Delirium - acute onset of fluctuating global cognitive impairment associated with behavioural abnormalities
Wernicke-Korsakoff Syndrome
High Risk Groups
Elderly
Preexisting dementia
Blind or deaf
Very Young
post op espically cardiac
EtOH or BDZ dependent
Common cause of inappropriate referrals to psychiatry
Mnemonic
Confusion &
loss of awareness of the surroundings, environment and context in which the person exists.
Disorientation
may occur in time (not knowing what time of day, day of week, month, season or year it is), place (not knowing where one is) or person (not knowing who one is).
Poor attention
Abnormalities
of awareness and affect
Distorted emotional states
Memory
formation
disturbance
Treat underlying cause!!!!
Moderately lit, quiet
Consistency of staff
Reassurance & orientation
Side room
Sedation
Environmental
Up to 80% of mechanically ventilated ICU patients
ICU delirium predicts a 3 to 11-fold increased risk of death at 6 months even after controlling for relevant covariates such as severity of illness.
Assoc with complications of mechanical ventilation including nosocomial pneumonia, self-extubation, and re-intubation
Critical Illness
Up to 80% of mechanically ventilated ICU patients
Can occur with MI
Substance
withdrawal & Intoxication
alcohol withdrawal (delirium tremens)
benzodiazepine withdrawal
Other licit and illicit drug withdrawal can sometimes cause delirium.
disorders
Infection
UTI, LRTI, wounds, IV lines
Intra-cranial – encephalitis, meningitis
ESR & CRP
WCC and diff
Swabs
MSU
Blood cultures
Ix
Ix for EtOH abuse?
Nutritional
Deficiencies
Thiamine
Nicotinic Acid
B12
Tx thiamine deficiency?
Medication
Metabolic
Medical/ neurological disease
Hypoxia (respiratory or cardiac failure)
Hypo/hyper glycaemia
Electrolyte imbalance (dehydration)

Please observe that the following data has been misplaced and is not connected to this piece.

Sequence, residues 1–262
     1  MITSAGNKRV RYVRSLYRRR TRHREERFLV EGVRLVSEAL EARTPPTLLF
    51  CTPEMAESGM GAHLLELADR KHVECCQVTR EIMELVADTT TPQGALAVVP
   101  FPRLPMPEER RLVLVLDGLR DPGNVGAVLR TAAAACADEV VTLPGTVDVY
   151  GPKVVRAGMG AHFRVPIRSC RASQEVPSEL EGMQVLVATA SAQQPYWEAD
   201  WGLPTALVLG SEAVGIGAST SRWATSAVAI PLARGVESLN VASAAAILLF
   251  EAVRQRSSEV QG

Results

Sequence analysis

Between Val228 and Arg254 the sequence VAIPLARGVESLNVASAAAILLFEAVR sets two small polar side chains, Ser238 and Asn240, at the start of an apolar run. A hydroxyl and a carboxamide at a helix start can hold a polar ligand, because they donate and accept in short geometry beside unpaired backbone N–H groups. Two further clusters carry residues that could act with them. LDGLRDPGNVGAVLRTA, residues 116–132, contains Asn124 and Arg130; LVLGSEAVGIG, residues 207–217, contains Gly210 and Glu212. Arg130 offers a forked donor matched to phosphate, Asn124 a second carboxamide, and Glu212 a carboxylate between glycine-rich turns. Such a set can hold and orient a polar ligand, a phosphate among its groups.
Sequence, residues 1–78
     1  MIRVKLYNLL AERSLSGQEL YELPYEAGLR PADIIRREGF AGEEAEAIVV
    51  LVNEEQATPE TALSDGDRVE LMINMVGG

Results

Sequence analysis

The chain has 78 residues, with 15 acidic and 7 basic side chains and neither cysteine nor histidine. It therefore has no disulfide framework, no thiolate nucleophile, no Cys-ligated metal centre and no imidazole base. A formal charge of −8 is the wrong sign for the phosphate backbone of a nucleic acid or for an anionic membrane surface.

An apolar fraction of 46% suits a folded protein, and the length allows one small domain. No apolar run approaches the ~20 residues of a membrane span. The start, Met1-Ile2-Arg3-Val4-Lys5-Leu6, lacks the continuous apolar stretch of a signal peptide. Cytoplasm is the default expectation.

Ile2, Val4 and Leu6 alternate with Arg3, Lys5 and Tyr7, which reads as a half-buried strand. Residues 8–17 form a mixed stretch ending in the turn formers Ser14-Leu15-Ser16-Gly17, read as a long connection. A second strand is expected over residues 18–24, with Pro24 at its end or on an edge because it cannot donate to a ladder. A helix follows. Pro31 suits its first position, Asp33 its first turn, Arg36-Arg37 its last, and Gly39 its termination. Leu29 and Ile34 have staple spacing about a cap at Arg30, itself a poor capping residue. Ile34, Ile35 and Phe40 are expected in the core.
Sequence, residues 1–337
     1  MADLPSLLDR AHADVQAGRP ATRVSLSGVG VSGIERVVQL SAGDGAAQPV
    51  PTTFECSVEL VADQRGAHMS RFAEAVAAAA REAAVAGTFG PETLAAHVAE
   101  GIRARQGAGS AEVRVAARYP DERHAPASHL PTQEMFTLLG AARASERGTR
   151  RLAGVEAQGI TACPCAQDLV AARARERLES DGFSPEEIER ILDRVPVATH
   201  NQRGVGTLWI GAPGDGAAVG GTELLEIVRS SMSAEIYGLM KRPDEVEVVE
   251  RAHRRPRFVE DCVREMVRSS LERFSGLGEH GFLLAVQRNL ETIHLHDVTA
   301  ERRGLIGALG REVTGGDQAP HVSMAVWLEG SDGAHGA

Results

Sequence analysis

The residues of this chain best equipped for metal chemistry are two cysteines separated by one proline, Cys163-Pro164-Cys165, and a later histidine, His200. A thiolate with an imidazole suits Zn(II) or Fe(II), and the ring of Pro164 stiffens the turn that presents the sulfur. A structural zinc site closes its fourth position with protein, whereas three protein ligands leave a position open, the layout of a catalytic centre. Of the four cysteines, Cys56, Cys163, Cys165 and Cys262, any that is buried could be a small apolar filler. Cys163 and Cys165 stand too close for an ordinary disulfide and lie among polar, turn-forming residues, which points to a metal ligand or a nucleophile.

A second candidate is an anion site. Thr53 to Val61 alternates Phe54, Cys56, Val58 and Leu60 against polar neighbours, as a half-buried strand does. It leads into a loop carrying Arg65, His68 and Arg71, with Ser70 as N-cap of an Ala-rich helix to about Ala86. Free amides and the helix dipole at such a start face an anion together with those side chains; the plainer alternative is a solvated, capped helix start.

Uraemia
Liver failure
Renal failure
Porphyria
Cushing’s
Neurological contidion - Epilepsy post-ictal, status
Raised ICP
Neoplasm – paraneoplastic syndrome, metastases, primary brain
Systemic illness – infections, dehydration, burns, uncontrolled pains, other systemic conditions – cardiac, pulmonary, endocrine, hematological, renal, hepatic, SLE
Classic triad:
Ophthalmoplegia
Ataxia
Confusion
Also:
Nystagmus
Ptosis
Anorexia
Vomiting
Wernicke's encephalopathy
Rx: IV Thiamine
Carl Wernicke (1848 -1905)
Korsakoff's Amnestic syndrome
Tx: Thiamine for 2yrs
Sergei Sergeievich Korsakoff (1854-1900)
Frontal Lobe tests
Personality change
Frontal Lobe
Frontal Signs
Parietal Lobe
Parietal Lobe Lesion
Dominant Parietal Lobe
Lesion
Non-Dominant Parietal
Lobe Lesion
Occipital lesion
Blindness
Visual agnosia
Temporal Lobe Function
Temporal Lobe Eplipsy
Hemianopia
Automatisms (Abnormal lip, head or limb movements, repetitive momements)
Psychosis - delusions and hallucinations of smell taste and sound
Precognition
"Yells and falls to the floor" type seizure
Complex partial seizure
Language disorder (aphasia)
Amnesia
Pains (strange sensations, numbness, crawling tingling)
Panic (or rage or hypersexuality)
You find yourself not believing the stories
Deja vu
Jamais vu
Aura
Autonomic Nervous System symptoms
HAPPY CLAPPY DJ
Neurology
Endocrine
Other
Meds
Depression
Elation
Anxiety
Psychosis
Most dementias (epsically vascular and Huntingtons)
Parkinsons
MS
Neurosyphilis
Head injury
Hypo/hyperthyroidism
Cushing's
Addison's
Hypopituitarism
Hyperparathyroidism
Menopause
Anaemia
Infections
HypoNa
SLE
Acute porphyria
Wilson's
Steroids
Beta-blockers
Ca Channel blockers
Anticonvulsants
L-Dopa
OCP
MS
Neurosyphilis
Eplipsy
Brain tumour
Cushings
Hyper/hypothyroidism
Corticosteroids
Antidepressants
Hyperthyroidism
Hypoglycaemia
Pheochromocytoma
Hypoparathyroidism
SSRIs
Antihypertensives
Brinchodilators
Antocholinergics
Huntington's
MS
Space occupying lesion
CNS infection (Lyme's Dx, vCJD)
SLE
Acute Porphyria
Wilson's
Hypernayremia
Hypocalcaemia
Steroids
Beta-blockers
L-Dopa
Sympathomimetics
Hyperthyroidisn
Cushing's
SLE
Arrhythmias
IHD
Mitral valve Dx
Asthma
COPD
TLE
Delerium Vs. Dementia
Onset Acute in delerium with rapid disorintation
Duration days to months in delerium
Consciouness/Alertness/Attention intact in dementia
Instant recall inpaired early in delerium
Delusions and Hallucinations are earlier and more common in delerium
Thinking reduced in dementia but confused and possibly increased in delerium
Celebral lobes
Test
What features distinguish dementia from delirium list four?
84y.o. brought into hospital with confusion and memory problems what is the differential ?
This has come on in the last few days now what is the differential and what are the most likely causes?
What are the main features of Wernickes encephalitis?

How do you treat it?
Name 5 tests of the frontal lobe that can be done at the bedside
Name four features of temporal lobe eplipsy
What are the four features of Gerstmanns syndrome
Full transcript